EDITING 101: 36 – Removing Filter Words…

Originally posted as the Dun Writin’—Now Whut? series on this blog, EDITING 101 is a weekly refresher series for some of you and brand new for others.

Courtesy of Adirondack Editing

Removing Filter Words

Filter words are placed between your character and the action. Generally, they are added to a sentence when trying to describe something that your character is experiencing or thinking. While, as usual, there’s a place for them in writing, you can tighten up your scenes immensely when they’re removed. It’s another tidbit for helping you show, rather than tell, as without the filter words, you’re forced to add more description to get what you mean across.

What are some filter words? Felt, realized, saw, wondered, seemed, decided, heard, knew, touched, watched, and can are some of the more common ones. You can search the Internet for other lists of filtering words. Cutting away your filtering words and forcing yourself to write without them results in more vivid scenes.

Here are some sentence examples of filter words:

  • She remembered him kissing her at their wedding.

  • She felt relieved when he broke their date.

  • I heard a noise in the basement.

  • I tasted the morning’s coffee—bitter, as usual.

  • It seemed the only way to win was to punt.

  • He knew she was going to turn left.

Now how about a whole bunch of filter words together? Let’s imagine your character is running after from a purse snatcher. Here’s the scene:

  • Rhonda wondered how she would ever catch the man. She heard his footfalls pulling away from her, realizing that he was going to get away. She knew the check from her grandmother was in her purse, and decided she would stop chasing him and call the police. It seemed the best decision at the time, even though she felt disappointed in herself and her running abilities.

Aside from the fact that it’s not very good writing, it sounds fine, doesn’t it? Here is the same scene with the filter words removed:

  • How could she ever catch the man? His footfalls pulled away from her—he was going to get away. The check from her grandmother was in her purse; Rhonda couldn’t risk losing it. Slowing, she pulled her phone out of her back pocket to call the police. It was the best decision. Why couldn’t she have run faster?

This self-editing tip is not something that most editors would watch for in material they were editing, unless it was developmental editing. Why not? Because it requires rewriting and a subsequent resubmission. If you have hired an editor to help you improve your writing (developmental editing), then it will be something to work on. But you can improve your own writing without an editor’s help by using this tip.

Next week we’ll discuss ‘Hiring Professionals’

To see the index and catch up with missed episodes of this series – CLICK HERE

NOTE:

This series is not meant to be (nor will it be) simple static information.

I’ll be here for each post to answer questions, offer suggestions as necessary, and interact with you.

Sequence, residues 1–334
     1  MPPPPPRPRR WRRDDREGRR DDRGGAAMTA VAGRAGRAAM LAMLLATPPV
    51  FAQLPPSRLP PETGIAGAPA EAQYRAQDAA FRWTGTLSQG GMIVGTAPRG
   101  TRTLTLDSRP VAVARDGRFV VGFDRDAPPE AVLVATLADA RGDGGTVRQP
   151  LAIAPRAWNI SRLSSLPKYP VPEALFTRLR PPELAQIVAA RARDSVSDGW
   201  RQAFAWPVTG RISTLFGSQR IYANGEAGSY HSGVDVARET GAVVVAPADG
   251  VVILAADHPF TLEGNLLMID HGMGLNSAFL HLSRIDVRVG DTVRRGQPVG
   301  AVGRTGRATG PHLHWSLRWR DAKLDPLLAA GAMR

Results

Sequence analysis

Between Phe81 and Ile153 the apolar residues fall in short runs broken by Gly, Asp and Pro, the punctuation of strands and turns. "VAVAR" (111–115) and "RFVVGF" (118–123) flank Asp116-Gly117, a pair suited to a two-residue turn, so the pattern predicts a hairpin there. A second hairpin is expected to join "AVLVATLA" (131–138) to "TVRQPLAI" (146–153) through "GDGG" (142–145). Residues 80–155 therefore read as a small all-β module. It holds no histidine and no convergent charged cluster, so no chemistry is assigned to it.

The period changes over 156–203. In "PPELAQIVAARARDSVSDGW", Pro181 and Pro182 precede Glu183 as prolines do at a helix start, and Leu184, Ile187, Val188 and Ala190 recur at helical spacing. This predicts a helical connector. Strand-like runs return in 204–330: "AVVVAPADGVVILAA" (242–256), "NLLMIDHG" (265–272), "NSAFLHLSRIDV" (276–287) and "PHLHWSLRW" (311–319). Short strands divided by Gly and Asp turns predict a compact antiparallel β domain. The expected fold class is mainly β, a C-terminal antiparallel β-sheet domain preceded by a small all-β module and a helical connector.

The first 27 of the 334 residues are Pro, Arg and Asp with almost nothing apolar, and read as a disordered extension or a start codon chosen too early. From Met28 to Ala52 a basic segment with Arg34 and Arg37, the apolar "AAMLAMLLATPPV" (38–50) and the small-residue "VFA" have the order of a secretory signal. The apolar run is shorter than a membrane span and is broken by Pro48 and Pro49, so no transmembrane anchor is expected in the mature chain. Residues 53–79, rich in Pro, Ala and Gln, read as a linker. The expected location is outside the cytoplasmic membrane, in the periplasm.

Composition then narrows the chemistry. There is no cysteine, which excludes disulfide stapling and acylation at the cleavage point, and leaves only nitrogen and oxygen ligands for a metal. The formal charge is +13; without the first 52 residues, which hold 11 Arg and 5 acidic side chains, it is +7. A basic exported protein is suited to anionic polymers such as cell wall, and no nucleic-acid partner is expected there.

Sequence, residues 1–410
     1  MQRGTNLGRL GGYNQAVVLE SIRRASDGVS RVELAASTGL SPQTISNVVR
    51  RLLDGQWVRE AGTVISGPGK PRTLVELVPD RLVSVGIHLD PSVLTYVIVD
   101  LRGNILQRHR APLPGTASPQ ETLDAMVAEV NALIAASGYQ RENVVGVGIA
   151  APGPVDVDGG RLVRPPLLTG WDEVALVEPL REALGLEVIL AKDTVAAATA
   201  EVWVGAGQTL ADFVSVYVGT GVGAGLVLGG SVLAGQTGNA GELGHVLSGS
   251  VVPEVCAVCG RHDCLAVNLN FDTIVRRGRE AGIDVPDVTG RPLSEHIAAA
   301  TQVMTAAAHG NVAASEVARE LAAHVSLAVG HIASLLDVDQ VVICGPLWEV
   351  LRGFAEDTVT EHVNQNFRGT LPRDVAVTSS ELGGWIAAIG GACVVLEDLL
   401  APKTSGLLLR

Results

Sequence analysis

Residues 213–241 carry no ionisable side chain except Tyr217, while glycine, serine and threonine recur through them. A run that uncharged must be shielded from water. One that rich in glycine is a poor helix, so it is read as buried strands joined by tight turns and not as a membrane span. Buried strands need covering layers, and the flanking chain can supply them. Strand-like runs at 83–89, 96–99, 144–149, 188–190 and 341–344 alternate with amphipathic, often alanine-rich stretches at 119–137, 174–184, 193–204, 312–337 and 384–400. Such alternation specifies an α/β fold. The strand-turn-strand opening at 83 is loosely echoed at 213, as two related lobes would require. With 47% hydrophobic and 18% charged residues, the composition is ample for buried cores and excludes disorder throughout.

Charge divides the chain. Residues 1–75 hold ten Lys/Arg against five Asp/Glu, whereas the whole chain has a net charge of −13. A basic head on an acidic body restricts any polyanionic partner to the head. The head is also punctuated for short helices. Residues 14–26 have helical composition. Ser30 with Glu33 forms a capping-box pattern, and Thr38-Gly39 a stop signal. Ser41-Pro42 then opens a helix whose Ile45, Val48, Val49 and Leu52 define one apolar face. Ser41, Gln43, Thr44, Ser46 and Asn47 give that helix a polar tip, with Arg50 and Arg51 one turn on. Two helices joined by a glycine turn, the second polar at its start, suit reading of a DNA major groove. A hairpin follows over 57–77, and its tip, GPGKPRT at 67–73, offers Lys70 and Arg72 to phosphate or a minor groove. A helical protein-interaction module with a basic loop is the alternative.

If there’s something you specifically want (or need!) to see addressed in terms of self-editing, please let me know in the comments under this, or any of the articles of the series.

Susan

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39 thoughts on “EDITING 101: 36 – Removing Filter Words…

  1. Thanks on enlightening us on this excess. I have a question. You said: “While, as usual, there’s a place for them in writing,”
    Where is the place for these filter words in writing? Can you please give some examples?

    Liked by 2 people

    • As with any part of the English language, none of it is outlawed or unacceptable to use. While routinely cutting out filter words will train you to write better without them, it will also increase your word count. Filter words are more “telling” than showing, but an entire book of “showing” would probably drive a reader to drink. 🙂 So moderation is the key to everything! There’s nothing technically wrong with any of these examples:

      She remembered him kissing her at their wedding.

      She felt relieved when he broke their date.

      I heard a noise in the basement.

      I tasted the morning’s coffee—bitter, as usual.

      It seemed the only way to win was to punt.

      He knew she was going to turn left.

      But if your book is full of them, you might want to consider revising.

      Liked by 1 person

  2. I have never heard the term “filtered words”. I can’t recall what we called them in my writing class. But, YES – it makes the sentence weak. Thank you for the reminder.

    Liked by 2 people

  3. Another excellent article, Susan. This is the part of editing that consumes so much of my time. It seems there’s always room for improvement, and I always reach a point where I just have to let go and publish 🙂

    Liked by 2 people

    • Yes, that’s very true, Tina. An author simply cannot remember all these things at one time. Even editors have trouble remembering them! For a writer, it might be best to pick one area where you’re weak and focus on that for a while. After you’ve mastered it and it becomes second nature, then you can pick another issue to work on.

      But as we get older, doesn’t it seem like every new thing learned pushes out something previously learned? 🙂

      Liked by 3 people

  4. Very interesting. I’d never thought of examining writing for filter words. If you’d given me the first passage to read I would have thought, “OK, maybe not the best writing.” but I wouldn’t have been able to put my finger on exactly why. Maybe after some thought I’d have considered that it seemed to be in “passive voice” but I’m not sure if that’s exactly what it is.

    Heh, now I’ll have to start looking for it in my own writing!

    🙂
    MJM

    Liked by 2 people

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